Blood and Dirt: A Russ Morgan Mystery
The first and most highly prized quality of a good murder mystery is its ability to pull me down the rabbit hole into its own world, its own gritty Wonderland.
Blood and Dirt: Check
While I’m down there, I don’t want anything to break the spell. The plot has to be tight and pull me along at a good speed, spreading red herrings and true clues on the trail for me to sniff, mull over, and make my amateur whodunit guesses.
Blood and Dirt: Check
Russ Morgan as a personality stands out from the crowd in this genre. Yeah, sure, he’s a tough, middle-aged recovered alcoholic (x 16 years), who was raised on a Colorado ranch and can handle a gun and buck hay with the rest of the good ol’ boys. But he is also an empathic aura reader in the most pragmatic of ways. He’s also gay, and a love story provides a backdrop to offset the tangled mystery sprawling full bodied across center stage.
“And there it was, the ugly, humiliating truth. ‘You’re right,’ I said, staring up at him. I had to swallow before I said the words. ‘I’m afraid.’”
And what a drama it is with plenty of mayhem and violence. Morgan is hired by one of a vituperous clutch of mismatched siblings to investigate the vandalism of a profitable marijuana grow operation on the historic family ranch. With marijuana newly legal in Colorado, this thriller comes with a fat doogie of insight into that new and still somewhat lawless, cash only economy.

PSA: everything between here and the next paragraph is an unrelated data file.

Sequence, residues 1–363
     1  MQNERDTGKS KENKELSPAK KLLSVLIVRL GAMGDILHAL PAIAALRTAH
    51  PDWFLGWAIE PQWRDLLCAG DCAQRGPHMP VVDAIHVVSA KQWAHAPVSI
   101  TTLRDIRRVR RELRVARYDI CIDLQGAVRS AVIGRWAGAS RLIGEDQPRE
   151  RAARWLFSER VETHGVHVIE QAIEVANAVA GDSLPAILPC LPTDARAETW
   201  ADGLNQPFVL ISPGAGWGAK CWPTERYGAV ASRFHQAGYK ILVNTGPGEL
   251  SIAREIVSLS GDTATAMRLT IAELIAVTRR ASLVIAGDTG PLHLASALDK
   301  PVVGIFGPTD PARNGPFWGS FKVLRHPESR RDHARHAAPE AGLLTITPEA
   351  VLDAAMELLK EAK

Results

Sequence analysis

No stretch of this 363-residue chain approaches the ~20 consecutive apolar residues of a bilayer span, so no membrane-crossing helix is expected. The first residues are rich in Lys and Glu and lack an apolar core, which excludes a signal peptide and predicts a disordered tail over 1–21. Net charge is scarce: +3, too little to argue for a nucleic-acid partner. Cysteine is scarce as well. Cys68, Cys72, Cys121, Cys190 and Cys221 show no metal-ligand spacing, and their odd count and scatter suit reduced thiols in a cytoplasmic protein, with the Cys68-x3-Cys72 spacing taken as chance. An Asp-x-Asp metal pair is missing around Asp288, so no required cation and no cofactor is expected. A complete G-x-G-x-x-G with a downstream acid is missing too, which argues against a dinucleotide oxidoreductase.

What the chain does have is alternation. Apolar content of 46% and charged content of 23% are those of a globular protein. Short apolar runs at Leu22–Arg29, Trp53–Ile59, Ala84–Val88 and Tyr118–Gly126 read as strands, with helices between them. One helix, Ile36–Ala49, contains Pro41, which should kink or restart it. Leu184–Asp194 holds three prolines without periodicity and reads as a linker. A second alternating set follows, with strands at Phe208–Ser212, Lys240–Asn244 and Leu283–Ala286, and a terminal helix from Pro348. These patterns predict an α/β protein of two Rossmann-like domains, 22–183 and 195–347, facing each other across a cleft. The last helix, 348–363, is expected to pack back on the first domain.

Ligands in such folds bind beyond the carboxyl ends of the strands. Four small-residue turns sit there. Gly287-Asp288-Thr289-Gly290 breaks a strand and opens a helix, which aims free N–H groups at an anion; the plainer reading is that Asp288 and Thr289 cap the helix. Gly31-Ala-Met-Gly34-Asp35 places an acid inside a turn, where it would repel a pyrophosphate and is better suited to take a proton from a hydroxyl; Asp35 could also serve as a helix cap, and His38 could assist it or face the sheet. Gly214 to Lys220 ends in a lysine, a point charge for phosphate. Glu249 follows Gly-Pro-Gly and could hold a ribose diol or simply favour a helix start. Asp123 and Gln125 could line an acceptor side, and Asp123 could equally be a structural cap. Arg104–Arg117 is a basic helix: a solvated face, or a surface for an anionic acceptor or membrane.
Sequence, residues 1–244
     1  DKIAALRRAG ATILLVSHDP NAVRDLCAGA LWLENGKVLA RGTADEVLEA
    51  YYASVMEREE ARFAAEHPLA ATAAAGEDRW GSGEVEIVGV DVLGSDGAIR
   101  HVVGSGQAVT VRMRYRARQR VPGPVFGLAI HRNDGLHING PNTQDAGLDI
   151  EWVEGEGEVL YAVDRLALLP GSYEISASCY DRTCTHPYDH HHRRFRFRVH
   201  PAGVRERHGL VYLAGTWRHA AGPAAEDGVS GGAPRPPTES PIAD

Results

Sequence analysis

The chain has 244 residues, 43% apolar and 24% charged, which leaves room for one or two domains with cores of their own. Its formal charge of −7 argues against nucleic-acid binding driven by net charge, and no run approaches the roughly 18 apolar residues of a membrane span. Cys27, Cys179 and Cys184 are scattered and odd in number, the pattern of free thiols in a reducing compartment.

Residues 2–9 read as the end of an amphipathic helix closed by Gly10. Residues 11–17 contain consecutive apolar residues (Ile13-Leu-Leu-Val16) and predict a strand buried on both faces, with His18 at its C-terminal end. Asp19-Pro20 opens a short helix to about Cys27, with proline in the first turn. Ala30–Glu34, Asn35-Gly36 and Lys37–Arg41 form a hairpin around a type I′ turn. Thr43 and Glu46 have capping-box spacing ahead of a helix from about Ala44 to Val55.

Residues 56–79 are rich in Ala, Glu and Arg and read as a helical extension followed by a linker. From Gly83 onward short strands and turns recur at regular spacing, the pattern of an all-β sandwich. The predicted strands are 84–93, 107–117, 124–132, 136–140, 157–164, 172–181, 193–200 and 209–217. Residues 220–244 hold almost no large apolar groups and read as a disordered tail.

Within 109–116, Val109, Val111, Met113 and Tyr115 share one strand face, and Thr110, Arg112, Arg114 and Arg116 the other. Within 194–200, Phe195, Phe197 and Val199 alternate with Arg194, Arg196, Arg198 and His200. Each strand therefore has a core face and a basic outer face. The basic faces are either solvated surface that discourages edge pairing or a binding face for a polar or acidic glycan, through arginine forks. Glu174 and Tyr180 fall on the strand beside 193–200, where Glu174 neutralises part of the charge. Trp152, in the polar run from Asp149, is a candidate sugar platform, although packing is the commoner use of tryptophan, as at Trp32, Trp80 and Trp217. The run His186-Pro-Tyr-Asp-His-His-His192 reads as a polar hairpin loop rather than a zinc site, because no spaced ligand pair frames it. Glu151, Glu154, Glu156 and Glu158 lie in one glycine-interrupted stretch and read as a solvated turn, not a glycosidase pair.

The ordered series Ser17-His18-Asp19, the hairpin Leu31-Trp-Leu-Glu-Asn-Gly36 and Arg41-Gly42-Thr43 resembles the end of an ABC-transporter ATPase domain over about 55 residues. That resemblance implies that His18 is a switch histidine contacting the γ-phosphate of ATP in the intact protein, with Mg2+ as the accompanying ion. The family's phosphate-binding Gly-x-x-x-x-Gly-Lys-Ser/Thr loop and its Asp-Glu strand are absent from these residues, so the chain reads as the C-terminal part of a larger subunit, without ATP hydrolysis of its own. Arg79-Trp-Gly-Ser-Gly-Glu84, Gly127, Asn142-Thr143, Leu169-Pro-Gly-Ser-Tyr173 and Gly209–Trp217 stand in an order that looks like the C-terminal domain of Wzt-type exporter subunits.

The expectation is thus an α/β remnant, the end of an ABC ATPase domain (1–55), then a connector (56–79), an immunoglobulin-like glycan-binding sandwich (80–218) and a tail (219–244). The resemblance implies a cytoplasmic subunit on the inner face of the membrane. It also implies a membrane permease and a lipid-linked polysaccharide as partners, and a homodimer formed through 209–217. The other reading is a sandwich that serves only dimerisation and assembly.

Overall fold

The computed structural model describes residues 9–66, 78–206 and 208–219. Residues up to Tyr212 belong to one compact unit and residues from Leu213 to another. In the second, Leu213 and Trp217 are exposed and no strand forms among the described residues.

Russ Morgan arrives at the ranch and soon enough the body count starts to rack up. I’m a fan of locked room mysteries likeAgatha Christie’s Murder on the Orient Express or And Then There Were None, and Blood and Dirt is one of those played out on a ranch as insular as any moving train or isolated island off Devon. Somebody at the dinner table done it…but which one?
“She leaned against the sidebar sipping her drink as if it were just another day in paradise. And maybe for her it was, even though her aura twisted like a rattlesnake pierced by a pitchfork.”
What is fresh about Blood and Dirt is the amount and quality of introspection by Russ Morgan himself. In a hard-boiled lineage of pained, wounded, and inarticulate detectives nursing their bourbon and their loneliness, feet up on their seedy little desks in their seedy little offices, Morgan wrestles with a different and less self-consciously existential sort of pain–that brought to him by his empathic abilities. But Russ is not one to brood in the gloom of a slowly darkening room. He registers emotion, thinks it through, moves it through, and acts on his intuition. He’s flawed but smart and likeable. I like him because of the way his gritty investigative pragmatism rubs up against his intrinsic and just newly re-emerging romanticism.
Told from the first person point of view, the reader is inside Russ’s world from start to finish.
So another thing I ask of good fiction is strong characterization–so strong that at the end I get that “never let me go” feeling.
Blood and Dirt: check.
This is an interview on July 21, 2016 with author Lloyd Meeker about the characterization of Russ Morgan and what he sees for this character in the future.
The video above is an author video I made for Meeker in 2014. I still think its cool!
Wilde City Press, 2015
The cover of Blood and Dirt. This book is available online or from your local bookseller.